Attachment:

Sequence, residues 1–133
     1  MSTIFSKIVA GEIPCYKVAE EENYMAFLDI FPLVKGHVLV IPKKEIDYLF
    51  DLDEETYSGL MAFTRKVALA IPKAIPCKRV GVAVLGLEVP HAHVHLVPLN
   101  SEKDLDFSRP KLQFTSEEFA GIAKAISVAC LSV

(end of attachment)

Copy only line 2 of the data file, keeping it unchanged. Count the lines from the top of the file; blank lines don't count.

     1  MSTIFSKIVA GEIPCYKVAE EENYMAFLDI FPLVKGHVLV IPKKEIDYLF